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This show is veering out of control, and it doesn't seem like there's a reason.
Nick: You're starting to get all J.G. Ballard's Crash on me here. I'm going with , I felt this was the weakest episode so far, with not a lot of development and a whole lot of sitcom-y storylines and bad character plots.
Dylan: Now I'm sad.
I like this show, almost love.
But damn. This episode was just eh.
Nick: I AM WINNING
Dylan: YOU AM NOT WINNING.
Dylan Garsee is a freelance writer/bingo enthusiast currently living in Austin, TX. He is studying sociology, and when he's not winning trivia nights at pork-themed restaurants, writing a collection of essays on the gay perspective in geek culture. An avid record collector, Dylan can mostly be seen at Waterloo Records, holding that one God Speed You! Black Emperor record he can't afford and crying. You can follow him on twitter @garseed.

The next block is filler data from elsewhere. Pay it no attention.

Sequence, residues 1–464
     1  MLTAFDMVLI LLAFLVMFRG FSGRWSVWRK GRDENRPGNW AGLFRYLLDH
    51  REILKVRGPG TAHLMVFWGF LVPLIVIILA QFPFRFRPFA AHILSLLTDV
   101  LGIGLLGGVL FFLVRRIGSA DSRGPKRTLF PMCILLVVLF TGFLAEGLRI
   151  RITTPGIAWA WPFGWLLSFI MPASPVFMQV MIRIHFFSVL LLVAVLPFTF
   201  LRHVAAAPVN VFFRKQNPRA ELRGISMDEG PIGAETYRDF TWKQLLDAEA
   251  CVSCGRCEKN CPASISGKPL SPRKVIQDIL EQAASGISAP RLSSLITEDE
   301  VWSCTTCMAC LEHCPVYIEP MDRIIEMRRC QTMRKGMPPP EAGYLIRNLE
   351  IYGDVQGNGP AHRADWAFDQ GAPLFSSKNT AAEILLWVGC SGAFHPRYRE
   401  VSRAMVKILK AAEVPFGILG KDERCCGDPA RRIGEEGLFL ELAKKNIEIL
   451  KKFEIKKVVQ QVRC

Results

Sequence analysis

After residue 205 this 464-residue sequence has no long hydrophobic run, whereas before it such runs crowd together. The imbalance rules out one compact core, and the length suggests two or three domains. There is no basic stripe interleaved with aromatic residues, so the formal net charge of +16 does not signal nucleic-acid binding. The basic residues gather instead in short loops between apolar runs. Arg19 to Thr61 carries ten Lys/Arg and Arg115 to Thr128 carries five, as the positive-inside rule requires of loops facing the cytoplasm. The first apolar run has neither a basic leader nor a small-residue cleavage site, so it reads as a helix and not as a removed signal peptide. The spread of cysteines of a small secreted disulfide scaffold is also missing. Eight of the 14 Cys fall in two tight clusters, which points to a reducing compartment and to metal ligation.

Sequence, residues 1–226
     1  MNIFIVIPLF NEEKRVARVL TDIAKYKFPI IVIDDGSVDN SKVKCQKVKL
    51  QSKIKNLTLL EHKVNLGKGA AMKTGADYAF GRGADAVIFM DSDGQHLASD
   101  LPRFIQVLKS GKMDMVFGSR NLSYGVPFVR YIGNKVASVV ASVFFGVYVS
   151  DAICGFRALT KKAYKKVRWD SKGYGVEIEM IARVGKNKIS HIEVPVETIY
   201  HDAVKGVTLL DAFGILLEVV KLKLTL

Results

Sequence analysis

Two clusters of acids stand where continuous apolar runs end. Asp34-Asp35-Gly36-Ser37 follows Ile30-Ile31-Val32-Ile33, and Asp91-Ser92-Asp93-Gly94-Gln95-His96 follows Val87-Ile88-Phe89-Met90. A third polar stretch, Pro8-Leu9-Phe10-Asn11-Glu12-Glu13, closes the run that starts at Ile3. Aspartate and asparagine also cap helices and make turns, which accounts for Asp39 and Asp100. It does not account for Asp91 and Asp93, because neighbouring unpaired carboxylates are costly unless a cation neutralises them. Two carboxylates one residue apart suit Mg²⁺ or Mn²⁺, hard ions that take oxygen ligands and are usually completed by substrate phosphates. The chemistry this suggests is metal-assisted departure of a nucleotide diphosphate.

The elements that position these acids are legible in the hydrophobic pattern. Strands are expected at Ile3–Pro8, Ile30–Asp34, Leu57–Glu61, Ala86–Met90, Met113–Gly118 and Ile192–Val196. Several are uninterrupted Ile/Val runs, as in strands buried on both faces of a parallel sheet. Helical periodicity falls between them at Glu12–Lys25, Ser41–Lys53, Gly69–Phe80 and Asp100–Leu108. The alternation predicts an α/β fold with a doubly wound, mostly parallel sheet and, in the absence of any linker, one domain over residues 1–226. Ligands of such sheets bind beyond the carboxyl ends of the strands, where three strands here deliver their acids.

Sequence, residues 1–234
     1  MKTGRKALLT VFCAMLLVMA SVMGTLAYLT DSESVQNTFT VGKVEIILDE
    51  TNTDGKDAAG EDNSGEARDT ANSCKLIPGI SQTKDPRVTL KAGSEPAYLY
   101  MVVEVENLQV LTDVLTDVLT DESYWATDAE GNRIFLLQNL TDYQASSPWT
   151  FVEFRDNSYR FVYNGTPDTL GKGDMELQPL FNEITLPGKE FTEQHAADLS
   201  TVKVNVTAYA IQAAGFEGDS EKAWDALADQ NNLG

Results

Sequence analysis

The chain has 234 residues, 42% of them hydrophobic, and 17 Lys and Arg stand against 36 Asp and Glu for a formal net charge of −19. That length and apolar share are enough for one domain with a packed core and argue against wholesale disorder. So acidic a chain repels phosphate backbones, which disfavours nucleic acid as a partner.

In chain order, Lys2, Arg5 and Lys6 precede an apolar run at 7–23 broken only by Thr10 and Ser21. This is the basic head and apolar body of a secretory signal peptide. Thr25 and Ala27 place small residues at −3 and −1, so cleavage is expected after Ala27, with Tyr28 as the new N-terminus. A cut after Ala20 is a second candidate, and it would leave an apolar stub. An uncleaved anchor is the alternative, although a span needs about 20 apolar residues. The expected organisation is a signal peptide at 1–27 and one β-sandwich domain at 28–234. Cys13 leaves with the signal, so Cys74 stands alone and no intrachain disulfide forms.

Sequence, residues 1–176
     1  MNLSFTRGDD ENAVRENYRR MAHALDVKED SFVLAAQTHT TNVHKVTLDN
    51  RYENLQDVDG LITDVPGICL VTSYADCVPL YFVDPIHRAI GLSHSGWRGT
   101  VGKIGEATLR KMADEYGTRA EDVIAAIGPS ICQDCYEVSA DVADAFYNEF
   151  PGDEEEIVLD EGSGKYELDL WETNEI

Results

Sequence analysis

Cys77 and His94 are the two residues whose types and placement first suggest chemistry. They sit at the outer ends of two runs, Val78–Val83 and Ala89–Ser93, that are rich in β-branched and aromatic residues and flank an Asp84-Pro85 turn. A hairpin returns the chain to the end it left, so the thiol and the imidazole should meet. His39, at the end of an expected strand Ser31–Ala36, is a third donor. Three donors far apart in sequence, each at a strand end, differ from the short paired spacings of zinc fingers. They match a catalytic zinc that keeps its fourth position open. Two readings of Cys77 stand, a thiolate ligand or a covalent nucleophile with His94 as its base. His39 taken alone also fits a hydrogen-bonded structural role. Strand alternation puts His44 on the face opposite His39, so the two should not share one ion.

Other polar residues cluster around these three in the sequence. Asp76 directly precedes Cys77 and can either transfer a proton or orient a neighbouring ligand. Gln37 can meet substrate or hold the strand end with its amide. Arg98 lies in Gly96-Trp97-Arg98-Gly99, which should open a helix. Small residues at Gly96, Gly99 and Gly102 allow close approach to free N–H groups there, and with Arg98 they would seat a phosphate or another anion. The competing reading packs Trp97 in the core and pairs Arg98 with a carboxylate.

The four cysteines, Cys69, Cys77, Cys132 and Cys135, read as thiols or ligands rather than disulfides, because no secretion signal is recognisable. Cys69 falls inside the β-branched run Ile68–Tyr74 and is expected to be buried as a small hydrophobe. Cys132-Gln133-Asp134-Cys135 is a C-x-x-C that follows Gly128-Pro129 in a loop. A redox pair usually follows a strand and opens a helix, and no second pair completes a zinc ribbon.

When he's not writing about the cape and spandex set and functioning as the Co-Managing Editor of Comics Bulletin, Nick Hanover is a book, film and music critic for Spectrum Culture and has contributed to No Tofu Magazine, Performer Magazine, Port City Lights and various other international publications. By which he means Canadian rags you have no reason to know anything about. He also translates for "Partytime" Lukash's Panel Panopticon and you can follow him on twitter @Nick_Hanover